Impostor tendencies and academic dishonesty: Do they cheat their way to success?

Joseph R. Ferrari1
1DePaul University, United States
Cite this article:  Ferrari, J. (2005). Impostor tendencies and academic dishonesty: Do they cheat their way to success?. Social Behavior and Personality: An international journal, 33, 11-18.

Volume 33 Issue 1 | e1374 | Published: February 2005 | DOI: https://doi.org/10.2224/sbp.2005.33.1.11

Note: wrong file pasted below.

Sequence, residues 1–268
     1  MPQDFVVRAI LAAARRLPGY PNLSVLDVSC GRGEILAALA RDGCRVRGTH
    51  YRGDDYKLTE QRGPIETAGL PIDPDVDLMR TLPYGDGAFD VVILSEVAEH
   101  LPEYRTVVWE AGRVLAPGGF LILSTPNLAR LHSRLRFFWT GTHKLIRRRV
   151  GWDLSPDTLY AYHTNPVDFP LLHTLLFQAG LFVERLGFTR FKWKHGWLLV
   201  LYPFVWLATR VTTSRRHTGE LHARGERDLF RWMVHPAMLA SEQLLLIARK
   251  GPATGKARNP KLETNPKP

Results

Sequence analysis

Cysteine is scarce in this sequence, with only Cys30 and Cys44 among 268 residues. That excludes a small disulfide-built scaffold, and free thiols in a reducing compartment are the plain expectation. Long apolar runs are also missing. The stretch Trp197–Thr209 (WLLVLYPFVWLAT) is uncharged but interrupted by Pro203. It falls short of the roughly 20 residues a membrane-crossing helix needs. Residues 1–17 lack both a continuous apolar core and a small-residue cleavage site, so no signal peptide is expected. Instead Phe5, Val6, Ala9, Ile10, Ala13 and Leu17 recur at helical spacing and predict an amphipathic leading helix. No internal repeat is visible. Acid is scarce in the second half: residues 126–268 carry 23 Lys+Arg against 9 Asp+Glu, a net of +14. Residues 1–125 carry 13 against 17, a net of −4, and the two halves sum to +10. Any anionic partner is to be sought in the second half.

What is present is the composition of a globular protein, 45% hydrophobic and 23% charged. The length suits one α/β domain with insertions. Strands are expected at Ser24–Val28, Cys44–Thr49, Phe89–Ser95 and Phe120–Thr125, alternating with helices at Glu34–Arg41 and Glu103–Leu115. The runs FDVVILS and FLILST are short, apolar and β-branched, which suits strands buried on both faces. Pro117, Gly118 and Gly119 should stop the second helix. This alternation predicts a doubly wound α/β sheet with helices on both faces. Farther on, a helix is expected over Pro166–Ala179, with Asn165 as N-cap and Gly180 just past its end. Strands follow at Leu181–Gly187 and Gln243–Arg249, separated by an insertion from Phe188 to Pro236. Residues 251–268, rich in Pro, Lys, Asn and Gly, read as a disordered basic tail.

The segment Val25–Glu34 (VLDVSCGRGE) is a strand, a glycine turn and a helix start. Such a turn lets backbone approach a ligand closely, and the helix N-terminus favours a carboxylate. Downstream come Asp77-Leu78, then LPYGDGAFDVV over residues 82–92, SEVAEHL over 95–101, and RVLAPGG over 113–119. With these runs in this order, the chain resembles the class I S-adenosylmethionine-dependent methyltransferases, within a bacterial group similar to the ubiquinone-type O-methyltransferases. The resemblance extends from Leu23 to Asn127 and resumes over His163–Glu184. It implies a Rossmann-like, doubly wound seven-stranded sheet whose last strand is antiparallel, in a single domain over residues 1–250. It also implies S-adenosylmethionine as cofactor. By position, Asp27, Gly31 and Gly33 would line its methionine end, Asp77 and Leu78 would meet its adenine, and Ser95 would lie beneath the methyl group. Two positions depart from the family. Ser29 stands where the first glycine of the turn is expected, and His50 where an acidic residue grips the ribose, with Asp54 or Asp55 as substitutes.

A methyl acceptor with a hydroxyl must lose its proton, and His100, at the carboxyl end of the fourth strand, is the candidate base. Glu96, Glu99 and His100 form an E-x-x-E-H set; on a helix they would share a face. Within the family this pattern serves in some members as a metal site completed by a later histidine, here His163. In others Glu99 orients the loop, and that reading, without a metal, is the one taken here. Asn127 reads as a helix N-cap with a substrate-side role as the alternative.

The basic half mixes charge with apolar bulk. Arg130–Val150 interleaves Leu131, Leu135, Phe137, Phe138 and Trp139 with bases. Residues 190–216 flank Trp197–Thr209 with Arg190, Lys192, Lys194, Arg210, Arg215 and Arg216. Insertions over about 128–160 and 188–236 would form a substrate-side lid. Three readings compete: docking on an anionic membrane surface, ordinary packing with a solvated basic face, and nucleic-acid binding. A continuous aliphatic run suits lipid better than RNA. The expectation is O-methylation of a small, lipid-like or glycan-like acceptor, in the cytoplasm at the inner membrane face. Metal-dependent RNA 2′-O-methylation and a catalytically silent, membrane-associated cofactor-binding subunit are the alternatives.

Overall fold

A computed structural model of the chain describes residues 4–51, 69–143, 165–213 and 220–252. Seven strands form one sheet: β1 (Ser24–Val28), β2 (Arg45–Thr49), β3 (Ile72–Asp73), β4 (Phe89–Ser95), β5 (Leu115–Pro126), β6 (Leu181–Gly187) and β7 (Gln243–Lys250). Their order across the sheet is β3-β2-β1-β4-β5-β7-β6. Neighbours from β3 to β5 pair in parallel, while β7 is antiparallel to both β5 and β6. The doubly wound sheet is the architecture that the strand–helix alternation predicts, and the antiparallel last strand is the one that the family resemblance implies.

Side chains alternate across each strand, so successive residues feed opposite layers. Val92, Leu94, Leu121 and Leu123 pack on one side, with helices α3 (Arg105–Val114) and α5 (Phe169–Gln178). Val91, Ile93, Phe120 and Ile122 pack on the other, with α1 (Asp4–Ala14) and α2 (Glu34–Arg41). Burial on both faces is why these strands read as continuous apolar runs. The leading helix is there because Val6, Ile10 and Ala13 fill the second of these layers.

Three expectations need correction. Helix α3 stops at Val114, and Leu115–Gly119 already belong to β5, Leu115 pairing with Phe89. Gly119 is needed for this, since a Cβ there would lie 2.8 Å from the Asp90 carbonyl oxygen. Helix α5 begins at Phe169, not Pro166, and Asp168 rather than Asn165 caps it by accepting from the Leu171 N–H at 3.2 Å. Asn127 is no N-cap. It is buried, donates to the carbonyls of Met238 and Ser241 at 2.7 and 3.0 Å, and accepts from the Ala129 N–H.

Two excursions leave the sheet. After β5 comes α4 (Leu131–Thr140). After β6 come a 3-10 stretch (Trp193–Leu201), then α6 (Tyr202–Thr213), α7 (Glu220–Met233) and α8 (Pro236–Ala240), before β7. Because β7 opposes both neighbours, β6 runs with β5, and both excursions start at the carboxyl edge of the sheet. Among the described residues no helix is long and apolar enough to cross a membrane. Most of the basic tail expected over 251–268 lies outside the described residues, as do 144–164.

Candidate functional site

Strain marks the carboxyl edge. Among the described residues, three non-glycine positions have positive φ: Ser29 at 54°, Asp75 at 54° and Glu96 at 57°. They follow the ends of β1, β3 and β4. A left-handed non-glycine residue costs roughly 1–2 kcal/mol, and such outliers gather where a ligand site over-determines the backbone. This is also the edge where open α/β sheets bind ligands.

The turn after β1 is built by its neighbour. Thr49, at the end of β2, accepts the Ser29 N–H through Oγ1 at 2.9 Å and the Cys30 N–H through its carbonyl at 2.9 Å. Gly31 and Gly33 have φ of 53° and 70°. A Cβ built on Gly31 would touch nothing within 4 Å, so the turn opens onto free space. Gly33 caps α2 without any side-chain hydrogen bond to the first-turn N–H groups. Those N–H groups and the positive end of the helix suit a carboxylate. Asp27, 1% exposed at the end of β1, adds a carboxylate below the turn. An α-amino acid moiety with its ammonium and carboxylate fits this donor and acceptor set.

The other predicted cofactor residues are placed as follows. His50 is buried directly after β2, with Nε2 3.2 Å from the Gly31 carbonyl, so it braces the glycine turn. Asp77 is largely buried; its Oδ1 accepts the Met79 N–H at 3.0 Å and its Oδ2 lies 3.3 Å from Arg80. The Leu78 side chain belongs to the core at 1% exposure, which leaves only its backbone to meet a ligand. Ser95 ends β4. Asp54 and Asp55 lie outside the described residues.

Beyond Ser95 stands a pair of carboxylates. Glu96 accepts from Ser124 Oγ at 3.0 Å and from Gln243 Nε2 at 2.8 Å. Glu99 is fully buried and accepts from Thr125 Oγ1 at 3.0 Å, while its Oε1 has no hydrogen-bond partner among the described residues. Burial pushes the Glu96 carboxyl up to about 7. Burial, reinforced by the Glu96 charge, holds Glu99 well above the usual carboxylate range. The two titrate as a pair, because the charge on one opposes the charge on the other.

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College students (N = 124) completed self-reported measures of impostor tendencies and academic dishonesty (tendency to engage in plagiarism in written assignments and cheating in examinations), as well as social desirability. Based on extreme scores on the impostor measure and independent of social desirability responding, nonimpostors (20 women, 11 men) reported a greater tendency to engage in plagiarism in papers and cheating in examinations, compared to impostors (22 women, 10 men). Results indicated that students who report impostor tendencies claim lower rates of cheating and plagiarism to obtain academic success than do nonimpostors.
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